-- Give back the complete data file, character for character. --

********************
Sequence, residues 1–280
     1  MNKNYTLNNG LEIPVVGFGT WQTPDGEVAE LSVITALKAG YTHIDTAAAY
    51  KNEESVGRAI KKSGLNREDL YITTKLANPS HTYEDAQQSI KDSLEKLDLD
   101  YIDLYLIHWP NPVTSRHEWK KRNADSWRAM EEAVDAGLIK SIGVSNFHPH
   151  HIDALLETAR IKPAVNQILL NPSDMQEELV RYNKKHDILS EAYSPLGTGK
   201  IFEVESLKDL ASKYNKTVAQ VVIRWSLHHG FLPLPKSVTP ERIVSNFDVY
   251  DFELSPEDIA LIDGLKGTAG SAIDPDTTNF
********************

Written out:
Sequence, residues 1–280
     1  MNKNYTLNNG LEIPVVGFGT WQTPDGEVAE LSVITALKAG YTHIDTAAAY
    51  KNEESVGRAI KKSGLNREDL YITTKLANPS HTYEDAQQSI KDSLEKLDLD
   101  YIDLYLIHWP NPVTSRHEWK KRNADSWRAM EEAVDAGLIK SIGVSNFHPH
   151  HIDALLETAR IKPAVNQILL NPSDMQEELV RYNKKHDILS EAYSPLGTGK
   201  IFEVESLKDL ASKYNKTVAQ VVIRWSLHHG FLPLPKSVTP ERIVSNFDVY
   251  DFELSPEDIA LIDGLKGTAG SAIDPDTTNF